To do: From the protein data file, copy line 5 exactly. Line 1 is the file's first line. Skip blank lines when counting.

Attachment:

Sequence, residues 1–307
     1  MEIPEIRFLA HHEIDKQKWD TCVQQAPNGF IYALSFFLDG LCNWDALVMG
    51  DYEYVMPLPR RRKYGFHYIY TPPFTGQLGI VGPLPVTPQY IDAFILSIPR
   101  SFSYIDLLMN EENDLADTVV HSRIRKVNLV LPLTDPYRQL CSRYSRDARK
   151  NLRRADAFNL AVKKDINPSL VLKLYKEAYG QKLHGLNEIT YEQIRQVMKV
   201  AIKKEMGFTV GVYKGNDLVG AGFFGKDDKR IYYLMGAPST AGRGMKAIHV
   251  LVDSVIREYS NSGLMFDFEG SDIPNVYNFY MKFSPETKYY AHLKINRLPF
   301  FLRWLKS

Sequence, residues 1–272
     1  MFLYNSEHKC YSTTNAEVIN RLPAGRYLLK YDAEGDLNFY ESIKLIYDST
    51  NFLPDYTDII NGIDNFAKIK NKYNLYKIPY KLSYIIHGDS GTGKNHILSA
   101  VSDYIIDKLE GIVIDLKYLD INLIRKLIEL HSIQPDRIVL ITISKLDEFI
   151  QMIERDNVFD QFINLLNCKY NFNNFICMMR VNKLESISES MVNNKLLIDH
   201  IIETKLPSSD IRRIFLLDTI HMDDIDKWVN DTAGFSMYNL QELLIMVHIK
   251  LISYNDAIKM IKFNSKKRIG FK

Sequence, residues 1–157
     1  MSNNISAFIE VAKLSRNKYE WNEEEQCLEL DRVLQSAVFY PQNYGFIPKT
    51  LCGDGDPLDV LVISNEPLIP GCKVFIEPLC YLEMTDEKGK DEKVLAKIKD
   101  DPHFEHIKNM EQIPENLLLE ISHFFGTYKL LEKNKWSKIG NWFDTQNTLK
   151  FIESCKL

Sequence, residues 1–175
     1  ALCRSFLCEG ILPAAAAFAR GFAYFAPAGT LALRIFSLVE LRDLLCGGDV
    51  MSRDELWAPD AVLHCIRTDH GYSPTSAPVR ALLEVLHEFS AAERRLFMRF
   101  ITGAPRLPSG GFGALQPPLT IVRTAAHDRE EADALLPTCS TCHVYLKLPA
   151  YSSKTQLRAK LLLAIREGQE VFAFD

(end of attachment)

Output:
   151  NLRRADAFNL AVKKDINPSL VLKLYKEAYG QKLHGLNEIT YEQIRQVMKV